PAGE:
What do the planned digital euro and the way money comes into the world have in common?
of money is created by banks out of thin air
of which is used for speculation
of the population does not know these facts...
In 2012 in Frankfurt, in a survey with a thousand citizens, the question was asked: “Who makes and distributes money? The vast majority of respondents thought that either the central bank or the government put the money into circulation and decided who would receive it. But what does the planned (from around 2026) digital euro have to do with it?
This is the reality
Banks create new money when they make loans. Before the loan, this money did not exist. 97% of the money in today’s economy exists as bank deposits, while only 3% is physical cash. The money that banks create is not the paper money that bears the logo of the European Central Bank. It is the electronic deposit money that lights up on the screen when you check your balance at an ATM. Currently, this money accounts for over 97% of all money in the economy. Only 3% of the money is still in this old-fashioned form of cash that you can touch.
Do you think it is right for the commercial banks to do this? Because there is no law that authorises them to do so!
What is one of the negative side effects for the environment of this illicit activity? The failure of a bank is not due to new circumstances, but, like every banking crisis, has the same cause over and over again! Banks lend much more than they have deposits. These loans, in turn, go most often for non-productive and also very profitable purposes, such as oil pipelines, chemical factories for pesticides, technologies for genetically modified plants or simply speculation with food. As soon as one of the deals goes wrong, it becomes public sooner or later. Customers start withdrawing their (real) money. Liquidity deteriorates. The crash accelerates as more and more people find out about it. The bank run is inevitable….
Even worse, the banks pay themselves bonuses from the newly created money, buy real estate and other expensive objects (e.g. yachts). And what else is bad about it? The banks have no costs at all in “printing money” because everything is electronic. There is an enormous overreaching in favour of the banks, and within the banks in favour of the top management or the shareholders. A concentration of capital in the hands of a few people promotes social inequality in an extreme way.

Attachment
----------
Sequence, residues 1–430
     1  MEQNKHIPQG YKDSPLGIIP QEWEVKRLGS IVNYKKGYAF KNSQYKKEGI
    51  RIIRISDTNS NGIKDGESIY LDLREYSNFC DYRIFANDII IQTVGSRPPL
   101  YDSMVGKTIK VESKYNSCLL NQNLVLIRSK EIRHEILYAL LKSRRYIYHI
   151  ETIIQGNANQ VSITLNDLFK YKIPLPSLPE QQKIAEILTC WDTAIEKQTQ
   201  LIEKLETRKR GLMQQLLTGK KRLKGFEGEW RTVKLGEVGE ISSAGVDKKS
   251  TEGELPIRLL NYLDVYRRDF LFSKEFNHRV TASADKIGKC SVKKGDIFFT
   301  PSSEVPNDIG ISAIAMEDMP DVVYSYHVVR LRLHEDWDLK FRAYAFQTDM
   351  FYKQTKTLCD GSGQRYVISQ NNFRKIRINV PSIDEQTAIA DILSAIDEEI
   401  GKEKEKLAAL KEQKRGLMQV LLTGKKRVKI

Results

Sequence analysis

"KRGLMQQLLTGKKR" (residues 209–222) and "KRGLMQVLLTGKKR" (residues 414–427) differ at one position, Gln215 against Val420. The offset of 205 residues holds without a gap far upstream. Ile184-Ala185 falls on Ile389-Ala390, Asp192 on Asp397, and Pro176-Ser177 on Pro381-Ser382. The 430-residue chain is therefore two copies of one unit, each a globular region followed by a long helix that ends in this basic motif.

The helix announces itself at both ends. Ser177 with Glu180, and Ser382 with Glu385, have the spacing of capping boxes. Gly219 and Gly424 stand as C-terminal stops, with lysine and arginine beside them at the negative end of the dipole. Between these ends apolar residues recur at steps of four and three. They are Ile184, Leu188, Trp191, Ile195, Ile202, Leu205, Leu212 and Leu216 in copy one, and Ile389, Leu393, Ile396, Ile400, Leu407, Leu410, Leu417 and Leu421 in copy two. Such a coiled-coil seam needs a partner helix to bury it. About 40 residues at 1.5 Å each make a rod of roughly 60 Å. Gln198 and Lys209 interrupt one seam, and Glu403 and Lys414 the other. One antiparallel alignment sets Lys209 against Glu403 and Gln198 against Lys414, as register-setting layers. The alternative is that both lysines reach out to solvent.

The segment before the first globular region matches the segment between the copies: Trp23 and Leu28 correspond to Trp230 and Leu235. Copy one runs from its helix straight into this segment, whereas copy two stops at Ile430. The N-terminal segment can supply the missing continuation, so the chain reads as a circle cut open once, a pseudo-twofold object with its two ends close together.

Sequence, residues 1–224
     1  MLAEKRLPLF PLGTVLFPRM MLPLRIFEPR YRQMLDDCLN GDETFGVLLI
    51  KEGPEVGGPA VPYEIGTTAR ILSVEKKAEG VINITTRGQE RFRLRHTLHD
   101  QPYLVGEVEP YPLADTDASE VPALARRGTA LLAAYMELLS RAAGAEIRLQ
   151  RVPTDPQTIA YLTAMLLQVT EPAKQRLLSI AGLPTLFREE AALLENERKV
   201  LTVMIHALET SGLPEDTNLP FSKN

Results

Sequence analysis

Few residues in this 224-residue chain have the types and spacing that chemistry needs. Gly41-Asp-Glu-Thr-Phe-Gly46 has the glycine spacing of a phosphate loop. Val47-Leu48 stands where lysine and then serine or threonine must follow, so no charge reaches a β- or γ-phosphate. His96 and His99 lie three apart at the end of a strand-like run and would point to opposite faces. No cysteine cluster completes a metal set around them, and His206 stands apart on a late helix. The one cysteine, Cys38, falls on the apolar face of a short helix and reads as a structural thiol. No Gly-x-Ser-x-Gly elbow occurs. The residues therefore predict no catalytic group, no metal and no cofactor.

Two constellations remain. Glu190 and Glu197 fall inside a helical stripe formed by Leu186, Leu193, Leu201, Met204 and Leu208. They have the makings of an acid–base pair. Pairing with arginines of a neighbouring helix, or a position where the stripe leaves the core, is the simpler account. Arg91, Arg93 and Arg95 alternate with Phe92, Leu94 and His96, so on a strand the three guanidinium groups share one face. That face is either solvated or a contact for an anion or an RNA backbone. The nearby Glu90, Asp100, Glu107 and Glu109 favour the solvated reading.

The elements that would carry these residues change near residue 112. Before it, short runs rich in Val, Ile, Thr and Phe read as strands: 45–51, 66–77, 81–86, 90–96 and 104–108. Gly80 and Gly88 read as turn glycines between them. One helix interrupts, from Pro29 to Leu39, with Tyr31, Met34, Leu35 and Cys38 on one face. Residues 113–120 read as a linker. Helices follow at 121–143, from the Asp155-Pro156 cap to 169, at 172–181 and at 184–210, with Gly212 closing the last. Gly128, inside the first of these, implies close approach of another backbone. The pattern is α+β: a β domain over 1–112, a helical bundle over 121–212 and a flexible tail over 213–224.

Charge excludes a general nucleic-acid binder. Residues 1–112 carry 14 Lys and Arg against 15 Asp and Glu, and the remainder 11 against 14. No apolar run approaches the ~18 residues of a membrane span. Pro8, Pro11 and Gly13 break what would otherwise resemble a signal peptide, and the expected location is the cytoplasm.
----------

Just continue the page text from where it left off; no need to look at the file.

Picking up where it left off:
What is a digital euro?
Today, citizens primarily have the choice between two types of money in so-called public transactions:
physical cash and digital giro money. Cash is issued by the central bank, secures anonymous payments, is the only legal tender and is safe in banking crises. Giral money, i.e. digital money in citizens’ current accounts, is in turn produced by private commercial banks, is not a legal tender and is not safe in banking crises. Digital central bank money (CBDC) would thus for the first time be digital money from the central bank that can also be used by non-banks. However, the discussion about a CBDC has so far primarily involved actors from central banks and commercial banks. The perspective of civil society is thus neglected.
We therefore call for the digital euro:
1. every citizen in the euro area must have the right to acquire and hold it. As with cash, it must be just as easily accessible.
2. the amount per person is not limited (in the medium and long term) and can be exchanged for cash at any time.
3. as it is advertised as an alternative to cash, it must also provide the same level of privacy protection.
4. this is not so-called “programmable money”. It may not be restricted for certain payments, e.g. for food or other goods, or only activated for people with certain behaviour.
5. cash must not be further restricted as a consequence of the introduction of the digital euro.
6. this is legal tender like cash and must result in an acceptance obligation.
7. like cash, it yields no interest, positive or negative.